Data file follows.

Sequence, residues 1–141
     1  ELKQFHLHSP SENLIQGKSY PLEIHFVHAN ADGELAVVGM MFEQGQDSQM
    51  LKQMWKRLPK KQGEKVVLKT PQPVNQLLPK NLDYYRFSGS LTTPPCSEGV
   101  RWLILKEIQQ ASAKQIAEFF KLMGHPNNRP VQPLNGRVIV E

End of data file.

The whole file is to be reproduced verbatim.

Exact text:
Sequence, residues 1–141
     1  ELKQFHLHSP SENLIQGKSY PLEIHFVHAN ADGELAVVGM MFEQGQDSQM
    51  LKQMWKRLPK KQGEKVVLKT PQPVNQLLPK NLDYYRFSGS LTTPPCSEGV
   101  RWLILKEIQQ ASAKQIAEFF KLMGHPNNRP VQPLNGRVIV E